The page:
The Strange, Scandalous Fight Over Florida's State Bird
Many Floridians want a new avian emblem, but developers, shadow interests, and even the NRA are hellbent on standing in their way.
There’s a certain amount of chaos that goes into the designation of state symbols. Some of them, like California choosing the California poppy as its state flower, make total sense. Others, like at least 20 states choosing milk as their state beverage (yes, that’s apparently a thing!), are more like, uhhhh, yeah sure. In the world of ceremonial gestures executed on a large scale with relatively little impact and a deep need to be inoffensive, you’re bound to get a few head-scratchers now and then. And there are more than a few head-scratchers when it comes to the specific realm of state birds.
If you want to go deep, I wrote about this at length in Discourse Blog’s definitive ranking of all the U.S. state birds, but one of the most baffling choices I discovered in my research was that several birds have been claimed by multiple states: the American robin, the western meadowlark, the northern cardinal, the American goldfinch, the chickadee, the eastern bluebird, the mountain bluebird, and the most boring of all these birds (sorry!), the northern mockingbird. Arkansas, Florida, Mississippi, Tennessee, and Texas all claim the northern mockingbird as their state symbol. To be clear, it’s a lovely creature and an “iconic” southern bird with some nice windpipes to boot, but it seems a little odd that five states have nabbed it as their ideal avian representative.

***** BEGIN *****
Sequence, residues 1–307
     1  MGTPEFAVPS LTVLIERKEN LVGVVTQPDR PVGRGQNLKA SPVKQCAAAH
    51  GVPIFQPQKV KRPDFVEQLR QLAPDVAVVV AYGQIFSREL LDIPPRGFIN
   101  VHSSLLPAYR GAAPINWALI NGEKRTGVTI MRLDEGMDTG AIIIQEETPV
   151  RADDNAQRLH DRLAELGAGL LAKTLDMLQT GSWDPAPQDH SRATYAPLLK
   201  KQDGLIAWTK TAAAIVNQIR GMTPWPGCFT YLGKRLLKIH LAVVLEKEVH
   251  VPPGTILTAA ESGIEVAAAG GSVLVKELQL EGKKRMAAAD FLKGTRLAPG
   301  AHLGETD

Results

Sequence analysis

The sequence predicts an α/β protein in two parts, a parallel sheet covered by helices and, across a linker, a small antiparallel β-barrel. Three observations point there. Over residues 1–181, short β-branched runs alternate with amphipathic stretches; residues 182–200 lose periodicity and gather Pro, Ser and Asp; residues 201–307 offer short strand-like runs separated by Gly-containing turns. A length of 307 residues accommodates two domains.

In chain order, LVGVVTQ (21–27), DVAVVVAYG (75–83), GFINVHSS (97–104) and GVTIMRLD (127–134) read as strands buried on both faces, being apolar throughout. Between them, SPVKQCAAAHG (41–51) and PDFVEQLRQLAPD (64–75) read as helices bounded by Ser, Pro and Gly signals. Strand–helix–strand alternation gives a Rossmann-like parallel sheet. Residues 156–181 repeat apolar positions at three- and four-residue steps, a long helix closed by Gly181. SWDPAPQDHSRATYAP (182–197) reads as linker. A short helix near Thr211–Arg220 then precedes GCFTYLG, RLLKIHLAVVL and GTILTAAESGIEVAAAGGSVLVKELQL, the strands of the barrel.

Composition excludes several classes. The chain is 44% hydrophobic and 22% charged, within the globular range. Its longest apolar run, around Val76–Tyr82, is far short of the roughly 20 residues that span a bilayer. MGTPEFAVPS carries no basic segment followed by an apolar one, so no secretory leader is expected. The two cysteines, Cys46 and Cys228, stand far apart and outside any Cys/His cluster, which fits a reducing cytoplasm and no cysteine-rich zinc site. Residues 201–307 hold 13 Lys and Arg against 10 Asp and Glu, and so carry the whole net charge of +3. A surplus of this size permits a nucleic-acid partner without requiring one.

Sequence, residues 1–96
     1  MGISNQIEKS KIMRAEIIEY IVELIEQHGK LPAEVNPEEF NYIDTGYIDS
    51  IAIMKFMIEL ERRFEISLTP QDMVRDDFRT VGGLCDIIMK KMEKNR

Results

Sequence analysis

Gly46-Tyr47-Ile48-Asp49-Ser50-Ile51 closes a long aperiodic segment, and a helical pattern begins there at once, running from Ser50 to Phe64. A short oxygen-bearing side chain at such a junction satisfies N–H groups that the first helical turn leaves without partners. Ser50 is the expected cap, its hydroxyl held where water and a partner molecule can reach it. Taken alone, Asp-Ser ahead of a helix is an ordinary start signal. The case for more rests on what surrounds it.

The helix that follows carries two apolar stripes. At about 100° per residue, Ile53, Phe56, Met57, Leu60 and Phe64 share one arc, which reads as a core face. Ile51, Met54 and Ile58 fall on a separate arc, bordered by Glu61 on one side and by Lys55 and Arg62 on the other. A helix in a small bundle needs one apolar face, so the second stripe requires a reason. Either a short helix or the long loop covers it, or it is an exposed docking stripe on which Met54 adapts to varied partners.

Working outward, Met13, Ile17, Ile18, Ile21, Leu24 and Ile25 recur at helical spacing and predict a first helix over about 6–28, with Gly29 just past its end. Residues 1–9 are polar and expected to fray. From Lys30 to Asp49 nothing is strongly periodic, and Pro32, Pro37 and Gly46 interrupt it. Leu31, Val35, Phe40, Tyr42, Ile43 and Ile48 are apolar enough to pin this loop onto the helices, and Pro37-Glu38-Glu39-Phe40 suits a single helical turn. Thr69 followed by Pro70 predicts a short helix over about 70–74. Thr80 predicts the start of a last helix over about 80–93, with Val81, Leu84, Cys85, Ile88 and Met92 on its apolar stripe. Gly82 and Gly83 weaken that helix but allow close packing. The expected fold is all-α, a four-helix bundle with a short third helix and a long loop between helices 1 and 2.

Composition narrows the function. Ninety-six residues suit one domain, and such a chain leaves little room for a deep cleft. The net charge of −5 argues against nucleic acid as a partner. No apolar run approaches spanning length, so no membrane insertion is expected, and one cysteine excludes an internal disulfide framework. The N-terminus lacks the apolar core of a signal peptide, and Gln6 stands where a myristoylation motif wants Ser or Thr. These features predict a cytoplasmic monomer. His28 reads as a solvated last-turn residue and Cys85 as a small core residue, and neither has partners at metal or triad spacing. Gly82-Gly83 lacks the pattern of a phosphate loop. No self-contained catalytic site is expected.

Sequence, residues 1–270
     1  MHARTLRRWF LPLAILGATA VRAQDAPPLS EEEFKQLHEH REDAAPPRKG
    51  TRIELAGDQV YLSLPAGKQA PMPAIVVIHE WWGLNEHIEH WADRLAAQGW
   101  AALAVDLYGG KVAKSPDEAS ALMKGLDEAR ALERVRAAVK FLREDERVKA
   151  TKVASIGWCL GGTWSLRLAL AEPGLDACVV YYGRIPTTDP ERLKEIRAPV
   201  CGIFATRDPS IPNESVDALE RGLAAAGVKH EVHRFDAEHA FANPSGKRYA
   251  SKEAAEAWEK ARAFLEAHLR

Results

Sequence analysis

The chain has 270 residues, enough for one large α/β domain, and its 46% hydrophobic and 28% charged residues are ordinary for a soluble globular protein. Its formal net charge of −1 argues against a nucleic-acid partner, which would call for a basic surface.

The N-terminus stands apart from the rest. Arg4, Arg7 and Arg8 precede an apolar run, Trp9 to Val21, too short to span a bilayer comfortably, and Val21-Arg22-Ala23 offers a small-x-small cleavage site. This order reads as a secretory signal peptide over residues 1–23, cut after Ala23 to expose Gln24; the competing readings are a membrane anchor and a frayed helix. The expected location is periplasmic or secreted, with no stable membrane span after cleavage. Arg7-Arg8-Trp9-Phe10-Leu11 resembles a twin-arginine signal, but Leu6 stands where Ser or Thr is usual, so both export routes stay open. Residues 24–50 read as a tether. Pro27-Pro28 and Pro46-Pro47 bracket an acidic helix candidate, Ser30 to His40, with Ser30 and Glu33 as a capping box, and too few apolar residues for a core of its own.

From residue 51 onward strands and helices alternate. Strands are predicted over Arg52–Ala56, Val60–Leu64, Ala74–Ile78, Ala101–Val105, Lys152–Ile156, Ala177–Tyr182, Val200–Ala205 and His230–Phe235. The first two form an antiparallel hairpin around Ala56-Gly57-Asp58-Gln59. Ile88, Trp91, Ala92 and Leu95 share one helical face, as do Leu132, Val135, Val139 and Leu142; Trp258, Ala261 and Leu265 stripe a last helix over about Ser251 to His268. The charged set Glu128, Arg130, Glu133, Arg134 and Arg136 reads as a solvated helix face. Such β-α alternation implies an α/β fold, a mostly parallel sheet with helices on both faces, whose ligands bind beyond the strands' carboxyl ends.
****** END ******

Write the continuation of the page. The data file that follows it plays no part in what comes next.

I noted this back when I was first researching and writing about state birds lo those many years ago, but didn’t think much of it beyond the government’s remarkable ability to turn everything into an uninspired and perfunctory act. But then a dear reader tipped me off to a story about the northern mockingbird and the state of Florida that completely blew my mind (thank you, Austin!).
In brief, the National Rifle Association and other private interests are largely responsible for keeping the northern mockingbird installed as the Florida state bird:
What??? I know. Let’s back up.
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